How Social Anxiety Disorder Can Impact Dancers
When Lydia Hance choreographed Oh, I have to wash my hair for her Houston-based dance company, Frame Dance, Kerri Lyons Neimeyer found a deep connection with the material. The piece explores experiences of social anxiety and the way it’s passed down through generations; Neimeyer, who serves as Frame’s education director in addition to dancing with the company, has been grappling with social anxiety disorder (SAD) since she was about 10 or 11 years old. Reflecting on her struggles, she recalls, “It just blew up by the time I was in high school. I couldn’t look at anyone going down the hall—it was really bad.”
During the creation process for Oh, I have to wash my hair, Hance asked the dancers to create gestures and movement phrases, which allowed Neimeyer and her choreographic partner to channel their personal experiences into the work. “It was the first piece where I got to contribute my own choreography,” Neimeyer remembers, adding, “That was a nice processing point for me.”
What Is Social Anxiety Disorder?
Social anxiety disorder, according to Terry Hyde, MA MBACP, a psychotherapist specializing in dancers’ mental health, pertains to anxiety triggered by social situations or interactions. When exposed to such situations, individuals with social anxiety might experience physical symptoms like sweating, heart palpitations, or shortness of breath.
Hyde notes that SAD is often rooted in past triggers or traumas, leading affected individuals to want to avoid social interactions. Those with SAD may also have fears of criticism, embarrassment, or being judged negatively. Says Neimeyer, “I think at the heart of it, we really are afraid of being disliked, completely cast out, or completely annihilated in some way—that’s our base fear.”
How Does SAD Affect Dancers?
Social situations, especially those that are new in some way, can present difficulties for someone with SAD, Hyde says, so attending a new class, joining a company, or attending an audition could be an extra challenge. “An open class, they probably wouldn’t go into,” he explains. “But if it was a college or company class, they may go into that because they’re familiar. It’s the lack of familiarity that causes this type of anxiety.”
Conversely, Neimeyer says dance has often been a positive outlet for her—and has presented many opportunities that have been difficult yet supportive of her SAD recovery. Not only has she found community and belonging at Frame, but she also has found the structure of the dance environment to be comforting. “Dance can be wonderful for people [with SAD] because we want to connect,” she says. “Having a vehicle so you know what is appropriate and you know what is the acceptable way to present and express yourself helps.”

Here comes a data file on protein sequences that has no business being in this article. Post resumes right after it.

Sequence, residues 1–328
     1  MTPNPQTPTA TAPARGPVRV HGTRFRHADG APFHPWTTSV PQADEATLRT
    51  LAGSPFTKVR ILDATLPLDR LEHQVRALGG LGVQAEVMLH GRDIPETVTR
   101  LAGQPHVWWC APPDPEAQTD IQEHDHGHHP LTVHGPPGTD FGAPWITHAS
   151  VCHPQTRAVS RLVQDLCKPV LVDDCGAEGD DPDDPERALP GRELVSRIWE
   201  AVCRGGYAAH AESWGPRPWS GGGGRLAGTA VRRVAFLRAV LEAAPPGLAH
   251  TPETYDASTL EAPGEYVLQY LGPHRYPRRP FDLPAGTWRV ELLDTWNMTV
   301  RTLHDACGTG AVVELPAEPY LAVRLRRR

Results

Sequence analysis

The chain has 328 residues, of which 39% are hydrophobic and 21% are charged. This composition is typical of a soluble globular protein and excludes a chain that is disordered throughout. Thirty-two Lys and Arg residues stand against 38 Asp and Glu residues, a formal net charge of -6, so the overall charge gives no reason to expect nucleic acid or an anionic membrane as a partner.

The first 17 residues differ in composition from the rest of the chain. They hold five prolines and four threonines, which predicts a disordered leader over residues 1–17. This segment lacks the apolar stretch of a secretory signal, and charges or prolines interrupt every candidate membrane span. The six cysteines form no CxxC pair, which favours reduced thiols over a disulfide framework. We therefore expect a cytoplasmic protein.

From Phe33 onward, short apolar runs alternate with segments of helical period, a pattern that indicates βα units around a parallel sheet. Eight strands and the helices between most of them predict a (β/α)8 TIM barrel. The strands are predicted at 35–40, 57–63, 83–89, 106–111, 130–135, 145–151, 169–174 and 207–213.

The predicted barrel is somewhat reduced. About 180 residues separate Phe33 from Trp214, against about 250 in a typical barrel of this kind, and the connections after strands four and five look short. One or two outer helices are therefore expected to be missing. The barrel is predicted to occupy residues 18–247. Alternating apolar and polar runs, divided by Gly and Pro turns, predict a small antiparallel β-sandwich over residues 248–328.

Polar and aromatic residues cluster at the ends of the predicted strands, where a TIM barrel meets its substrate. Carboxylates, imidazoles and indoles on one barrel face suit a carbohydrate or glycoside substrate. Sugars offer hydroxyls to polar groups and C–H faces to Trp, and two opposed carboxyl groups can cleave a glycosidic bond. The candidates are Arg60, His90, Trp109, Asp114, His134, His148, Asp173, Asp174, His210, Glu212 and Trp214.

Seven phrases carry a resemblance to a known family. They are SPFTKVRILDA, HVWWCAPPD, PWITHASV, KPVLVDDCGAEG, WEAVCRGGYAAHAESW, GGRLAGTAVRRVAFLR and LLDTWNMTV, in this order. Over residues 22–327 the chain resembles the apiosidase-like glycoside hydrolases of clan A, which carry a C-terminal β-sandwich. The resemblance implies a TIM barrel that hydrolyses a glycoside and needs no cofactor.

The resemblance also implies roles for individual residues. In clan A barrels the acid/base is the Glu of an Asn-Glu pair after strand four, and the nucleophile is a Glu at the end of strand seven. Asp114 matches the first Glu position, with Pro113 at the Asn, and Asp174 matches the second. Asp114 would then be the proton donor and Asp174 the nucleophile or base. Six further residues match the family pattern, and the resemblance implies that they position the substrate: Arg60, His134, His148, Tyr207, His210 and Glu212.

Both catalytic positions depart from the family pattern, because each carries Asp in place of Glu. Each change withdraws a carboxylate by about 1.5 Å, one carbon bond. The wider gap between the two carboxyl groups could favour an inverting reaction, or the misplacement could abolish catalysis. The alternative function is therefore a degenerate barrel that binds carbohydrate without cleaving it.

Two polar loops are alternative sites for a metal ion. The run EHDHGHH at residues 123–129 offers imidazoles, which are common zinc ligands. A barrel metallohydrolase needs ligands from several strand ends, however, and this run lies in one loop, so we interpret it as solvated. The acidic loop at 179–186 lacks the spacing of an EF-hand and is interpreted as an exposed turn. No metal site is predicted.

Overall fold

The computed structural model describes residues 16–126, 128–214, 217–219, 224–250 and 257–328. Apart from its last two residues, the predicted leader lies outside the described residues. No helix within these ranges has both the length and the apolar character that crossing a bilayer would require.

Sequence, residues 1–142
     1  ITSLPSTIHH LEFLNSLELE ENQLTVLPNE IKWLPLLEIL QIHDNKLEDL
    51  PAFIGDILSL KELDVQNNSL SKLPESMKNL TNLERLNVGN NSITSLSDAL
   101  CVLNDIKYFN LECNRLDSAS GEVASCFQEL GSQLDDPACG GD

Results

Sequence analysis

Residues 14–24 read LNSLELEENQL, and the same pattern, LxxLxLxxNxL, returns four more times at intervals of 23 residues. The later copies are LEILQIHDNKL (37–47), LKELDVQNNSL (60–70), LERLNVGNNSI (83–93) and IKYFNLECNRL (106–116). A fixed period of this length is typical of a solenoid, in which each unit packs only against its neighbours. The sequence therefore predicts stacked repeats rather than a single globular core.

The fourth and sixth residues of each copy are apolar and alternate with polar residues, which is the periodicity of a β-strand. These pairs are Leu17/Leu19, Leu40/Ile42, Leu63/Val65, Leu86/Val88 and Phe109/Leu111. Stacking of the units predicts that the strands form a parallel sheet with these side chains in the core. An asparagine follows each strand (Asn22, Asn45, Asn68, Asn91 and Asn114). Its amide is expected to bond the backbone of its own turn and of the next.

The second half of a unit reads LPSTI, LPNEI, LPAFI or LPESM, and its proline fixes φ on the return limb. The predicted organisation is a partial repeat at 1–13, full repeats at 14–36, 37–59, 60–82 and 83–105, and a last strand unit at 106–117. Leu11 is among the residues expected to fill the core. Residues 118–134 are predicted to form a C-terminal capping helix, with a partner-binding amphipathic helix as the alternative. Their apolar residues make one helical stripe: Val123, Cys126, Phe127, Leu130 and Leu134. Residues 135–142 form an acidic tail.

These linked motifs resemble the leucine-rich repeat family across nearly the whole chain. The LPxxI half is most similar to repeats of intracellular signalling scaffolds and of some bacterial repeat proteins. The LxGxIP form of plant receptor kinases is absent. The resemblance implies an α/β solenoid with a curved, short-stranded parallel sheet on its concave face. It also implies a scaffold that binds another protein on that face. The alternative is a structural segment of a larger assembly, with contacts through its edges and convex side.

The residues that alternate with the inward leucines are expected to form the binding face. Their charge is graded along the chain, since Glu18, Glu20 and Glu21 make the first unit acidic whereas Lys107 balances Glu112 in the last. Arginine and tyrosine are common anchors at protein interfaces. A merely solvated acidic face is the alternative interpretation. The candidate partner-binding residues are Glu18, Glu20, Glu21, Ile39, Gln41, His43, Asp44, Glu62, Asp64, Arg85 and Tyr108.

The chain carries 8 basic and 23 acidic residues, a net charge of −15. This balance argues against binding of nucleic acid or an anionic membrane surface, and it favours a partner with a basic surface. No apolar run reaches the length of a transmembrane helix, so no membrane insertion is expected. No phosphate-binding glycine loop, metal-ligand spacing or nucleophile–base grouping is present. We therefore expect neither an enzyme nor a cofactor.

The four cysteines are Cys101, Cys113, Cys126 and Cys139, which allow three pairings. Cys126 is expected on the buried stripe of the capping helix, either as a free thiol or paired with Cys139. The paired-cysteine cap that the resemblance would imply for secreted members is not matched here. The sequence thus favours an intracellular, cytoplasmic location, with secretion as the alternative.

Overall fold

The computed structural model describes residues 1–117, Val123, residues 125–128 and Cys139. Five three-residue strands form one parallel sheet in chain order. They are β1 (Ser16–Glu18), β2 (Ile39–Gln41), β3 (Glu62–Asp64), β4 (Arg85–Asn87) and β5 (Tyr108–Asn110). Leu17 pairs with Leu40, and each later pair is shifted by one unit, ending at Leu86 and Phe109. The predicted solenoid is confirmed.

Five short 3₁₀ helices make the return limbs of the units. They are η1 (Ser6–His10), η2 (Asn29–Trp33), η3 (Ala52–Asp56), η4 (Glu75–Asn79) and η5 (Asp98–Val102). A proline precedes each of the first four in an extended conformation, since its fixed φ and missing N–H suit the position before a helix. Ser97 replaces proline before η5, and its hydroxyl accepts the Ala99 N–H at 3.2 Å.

Although she has made strides in dealing with SAD—and has found a safe place to dance at Frame—she says some aspects of being in a dance company, like partnering, can still present difficulties. “It’s still really hard,” she says. “I have to break through so many things to touch someone else’s fingertip.”
Moving Toward Recovery
According to Hyde, social anxiety can be treated with a variety of therapeutic modalities. Cognitive behavioral therapy (CBT), for instance, aims to modify unhelpful thought patterns, while psychotherapy delves into uncovering the root causes of the trigger. In certain cases, hypnotherapy can be effective. Hyde further suggests that medication can also be helpful for some individuals.
Dancers can use a range of coping skills to help assuage anxiety in the moment. Hyde recommends deep-breathing exercises (see below for two examples) and suggests establishing a set of affirmations that can be repeated in challenging times. “Affirmations are confirmations of how you want to feel,” he explains. Simple phrases like “I am safe” and “I am okay” work particularly well, he says.
Breathe In, Breathe Out
Deep breathing helps to slow the heart rate, making it easier to manage a stressful situation. Terry Hyde, MA MBACP, recommends these two exercises:
- •Breathe in through your nose for four counts.
•Hold your breath for four counts.
•Breathe out through pursed lips for eight counts.
•Repeat four times.
- •Take one long breath in.
•Follow the long breath with two quick, short inhales.
•Exhale slowly for eight counts.
Anxiety & Depression Association of America: Learn about SAD and other topics surrounding anxiety and depression, connect with a mental health professional, find resources like webinars and mental health stories from peers at adaa.org.
Entertainment Community Fund: Connect with a mental health professional, find a support group, and get help with insurance coverage through this performing-arts–specific organization at entertainmentcommunity.org.
Counselling for Dancers: Founded by Terry Hyde, MA MBACP, counsellingfordancers.com (and corresponding Instagram account: @counsellingfordancers_official) provides dancers with resources like workshops, an Instagram live conversation series, and an app, Help4Dancers.
National Health Service (UK): Find information about SAD, support groups, and other resources at nhs.uk.
National Social Anxiety Center: Learn about SAD and treatment and find a provider near you at nationalsocialanxietycenter.com.